July 07, 2002

Original Beauty

Outside a household powered by secrets and anger, I had someone who loved me *just because* and *even though,* someone who herself had to learn how to "be" against tremendous odds and challenges, who taught me it was okay to "be," to be "myself," to acknowledge, ease and forgive my own pain, to love, laugh, cry, to accept, to understand I can't fix what isn't mine, to be open and present, not just a reflection. More than anyone else, she shaped the healthy me. And as I grow older, my husband says, "You are more like her every day." I smile. I know. It's that kind of connection, even though we live 1,000 miles apart. Our hearts live in tandem.

Aunt Penny, my dead father's baby sister, is special. She is a wonder. She took care of me, kept me with her during those days when everything around me was crumbling, kept me laughing, showed me hidden joy, how to access that joy in the worst of times. She is the one who greeted me, coming home from kindergarten that day, took me upstairs, and told me my father was dead.

She is in me.

I'm five, in the back seat with Auntie at the wheel, crawling down Westfall Road, the car ahead of us dawdling along. She says:

"Wouldn't you know I'd get behind Farmer Jones and his Wife."

In my wonder of her, I say: "Aunt Penny, you know everyone!"

We laugh, the 20 years age difference between us erased. She is my friend.

I'm 35, driving down the six-lane Atlanta interstate for the first time, cars flying by me on all sides doing 80. I call her on my cell phone:

"Aunt Penny, It's so disorienting. Overwhelming. I'm driving in six lanes of traffic!"

She knows me, says: "You're only driving in one lane at a time."

We laugh, the 20 years age difference between us erased. She is my friend.

When she was diagnosed with multiple sclerosis 30 years ago, I was 10. This former nun who left the convent, married a Jewish man, moruned the loss of two brothers, one of them my father, was the strongest person I knew. I told her, "Auntie you can get through this. You know I know." In her mind, there was never any other option. The disease that gradually took away her ability to walk, cost her any number of surgeries and a career she loved at the University of Rochester, confined her to a wheel chair, challenged her to keep her own home even though she has lived alone since divorcing my Uncle 20 years ago, this disease has not changed or disfigured her--only brought her beauty more intensely to the surface.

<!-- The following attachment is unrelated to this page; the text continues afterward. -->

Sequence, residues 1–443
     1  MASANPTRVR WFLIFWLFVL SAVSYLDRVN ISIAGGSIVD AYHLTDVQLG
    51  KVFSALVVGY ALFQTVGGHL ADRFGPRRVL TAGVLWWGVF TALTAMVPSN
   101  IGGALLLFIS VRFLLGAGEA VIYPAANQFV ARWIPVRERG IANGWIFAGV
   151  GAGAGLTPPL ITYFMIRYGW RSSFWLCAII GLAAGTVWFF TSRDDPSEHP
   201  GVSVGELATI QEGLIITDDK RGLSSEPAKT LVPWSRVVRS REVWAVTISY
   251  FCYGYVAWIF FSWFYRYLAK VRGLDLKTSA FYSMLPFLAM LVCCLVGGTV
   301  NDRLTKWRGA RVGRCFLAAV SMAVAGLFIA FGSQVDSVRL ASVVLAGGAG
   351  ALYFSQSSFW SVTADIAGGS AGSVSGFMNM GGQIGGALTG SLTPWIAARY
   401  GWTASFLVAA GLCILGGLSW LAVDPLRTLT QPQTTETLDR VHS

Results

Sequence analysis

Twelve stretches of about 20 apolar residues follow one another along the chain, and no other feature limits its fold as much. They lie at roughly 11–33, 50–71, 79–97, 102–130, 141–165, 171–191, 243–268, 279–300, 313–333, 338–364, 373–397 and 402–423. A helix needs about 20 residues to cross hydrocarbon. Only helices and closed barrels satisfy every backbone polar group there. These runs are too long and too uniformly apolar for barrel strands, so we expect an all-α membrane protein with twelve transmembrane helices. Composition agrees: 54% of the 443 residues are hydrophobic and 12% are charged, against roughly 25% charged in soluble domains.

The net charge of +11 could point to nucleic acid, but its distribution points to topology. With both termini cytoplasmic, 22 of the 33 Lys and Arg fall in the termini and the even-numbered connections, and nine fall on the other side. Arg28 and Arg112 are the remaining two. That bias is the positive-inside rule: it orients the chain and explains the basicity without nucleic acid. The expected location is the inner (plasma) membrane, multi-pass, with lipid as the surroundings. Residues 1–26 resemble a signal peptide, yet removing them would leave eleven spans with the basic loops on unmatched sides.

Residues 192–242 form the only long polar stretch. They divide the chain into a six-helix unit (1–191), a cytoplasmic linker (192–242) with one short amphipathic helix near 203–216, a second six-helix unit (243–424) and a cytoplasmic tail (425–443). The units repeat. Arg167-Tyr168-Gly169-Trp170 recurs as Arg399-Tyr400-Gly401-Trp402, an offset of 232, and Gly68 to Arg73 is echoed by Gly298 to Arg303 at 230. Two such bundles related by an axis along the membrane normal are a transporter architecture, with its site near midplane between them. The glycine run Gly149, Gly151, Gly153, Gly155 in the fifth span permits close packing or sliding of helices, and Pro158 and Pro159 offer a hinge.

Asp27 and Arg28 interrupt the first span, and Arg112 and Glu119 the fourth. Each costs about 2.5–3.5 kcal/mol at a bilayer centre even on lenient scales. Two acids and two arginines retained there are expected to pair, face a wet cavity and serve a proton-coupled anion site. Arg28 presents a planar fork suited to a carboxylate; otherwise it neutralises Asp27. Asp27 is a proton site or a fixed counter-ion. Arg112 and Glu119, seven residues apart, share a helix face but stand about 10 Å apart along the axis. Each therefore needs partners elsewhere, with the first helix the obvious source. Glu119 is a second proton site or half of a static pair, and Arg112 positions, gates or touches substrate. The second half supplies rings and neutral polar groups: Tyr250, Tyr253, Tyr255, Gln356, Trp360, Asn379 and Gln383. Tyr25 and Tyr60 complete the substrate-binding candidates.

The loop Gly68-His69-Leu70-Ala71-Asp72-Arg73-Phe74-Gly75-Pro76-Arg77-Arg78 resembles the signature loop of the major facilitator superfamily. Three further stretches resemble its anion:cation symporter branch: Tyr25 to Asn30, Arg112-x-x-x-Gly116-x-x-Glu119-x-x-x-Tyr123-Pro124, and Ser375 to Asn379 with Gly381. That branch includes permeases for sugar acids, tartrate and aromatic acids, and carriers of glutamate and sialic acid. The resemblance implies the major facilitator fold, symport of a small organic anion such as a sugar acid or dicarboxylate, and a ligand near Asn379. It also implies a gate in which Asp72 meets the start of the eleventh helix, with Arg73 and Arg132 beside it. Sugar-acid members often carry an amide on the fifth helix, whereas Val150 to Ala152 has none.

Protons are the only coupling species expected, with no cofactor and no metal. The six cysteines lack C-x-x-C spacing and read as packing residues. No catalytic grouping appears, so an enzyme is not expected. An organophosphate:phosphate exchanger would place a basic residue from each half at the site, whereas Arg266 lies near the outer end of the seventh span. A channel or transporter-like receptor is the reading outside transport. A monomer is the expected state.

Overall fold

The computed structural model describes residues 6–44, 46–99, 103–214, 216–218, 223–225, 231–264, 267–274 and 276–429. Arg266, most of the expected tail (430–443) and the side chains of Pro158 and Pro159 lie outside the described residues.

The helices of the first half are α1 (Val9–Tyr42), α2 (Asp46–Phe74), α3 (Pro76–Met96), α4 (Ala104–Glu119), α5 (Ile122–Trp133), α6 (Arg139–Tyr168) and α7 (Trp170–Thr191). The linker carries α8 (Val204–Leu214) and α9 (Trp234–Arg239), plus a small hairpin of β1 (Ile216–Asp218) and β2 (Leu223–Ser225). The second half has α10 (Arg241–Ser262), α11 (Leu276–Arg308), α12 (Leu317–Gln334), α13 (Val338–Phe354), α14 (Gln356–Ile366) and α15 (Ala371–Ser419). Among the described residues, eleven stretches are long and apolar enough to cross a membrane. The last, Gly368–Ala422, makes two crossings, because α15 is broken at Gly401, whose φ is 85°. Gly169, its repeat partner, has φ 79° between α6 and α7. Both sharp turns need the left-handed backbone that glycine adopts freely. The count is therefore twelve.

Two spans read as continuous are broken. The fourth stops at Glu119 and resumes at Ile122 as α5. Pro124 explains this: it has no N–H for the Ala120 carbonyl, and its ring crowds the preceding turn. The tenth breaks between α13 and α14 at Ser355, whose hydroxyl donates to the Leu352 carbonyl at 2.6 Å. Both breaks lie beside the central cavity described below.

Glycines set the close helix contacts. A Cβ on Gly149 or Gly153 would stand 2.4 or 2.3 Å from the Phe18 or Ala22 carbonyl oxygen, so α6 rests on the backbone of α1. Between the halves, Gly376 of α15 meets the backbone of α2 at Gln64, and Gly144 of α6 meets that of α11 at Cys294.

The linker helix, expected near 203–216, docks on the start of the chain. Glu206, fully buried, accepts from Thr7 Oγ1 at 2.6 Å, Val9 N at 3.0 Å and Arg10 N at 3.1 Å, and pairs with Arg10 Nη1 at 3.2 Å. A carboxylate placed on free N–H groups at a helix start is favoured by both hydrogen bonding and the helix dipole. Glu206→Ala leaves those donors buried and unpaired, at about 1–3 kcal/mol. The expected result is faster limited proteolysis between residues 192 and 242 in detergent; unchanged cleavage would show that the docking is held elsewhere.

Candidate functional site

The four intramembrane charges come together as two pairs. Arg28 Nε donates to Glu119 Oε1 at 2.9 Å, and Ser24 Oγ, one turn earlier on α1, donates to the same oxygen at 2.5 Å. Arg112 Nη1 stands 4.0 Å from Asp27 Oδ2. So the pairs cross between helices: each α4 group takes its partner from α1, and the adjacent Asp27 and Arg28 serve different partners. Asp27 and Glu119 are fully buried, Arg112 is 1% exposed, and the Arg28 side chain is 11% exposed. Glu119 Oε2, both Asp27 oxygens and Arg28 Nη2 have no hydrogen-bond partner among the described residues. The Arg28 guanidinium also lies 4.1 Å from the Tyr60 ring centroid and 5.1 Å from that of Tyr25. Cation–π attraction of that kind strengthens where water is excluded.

She is original beauty. She is the most amazing person I know.

She is also, I just learned from a call to her this morning, having open heart surgery next week. Difficult enough for a healthy 60-year-old, the procedure and recovery will be especially challenging because of her MS. It's a biggie. About the biggest thing she's faced yet. And still, as we talked about it, she was chasing her companion, Sammy the cat, around the downstairs of her home, wheeling after him, "Sammy, get over here!" and I'm laughing with her, telling her, "Auntie, you've faced things this big--I know you will make it."

And this time, I'm hearing something different in her voice, if I'm not mistaken: she's tired. The shere length and suprise sideroads of her personal journey have made her weary. And I'm worried. Not now, Auntie. Not now.

All this is to say, if you find room in your thoughts, meditation, prayers, and whatever else you do to get in touch with positive energy, the creator, empathy for your fellow earth travellers, then please send some prayers and good thoughts Aunt Penny's way.

And thank you.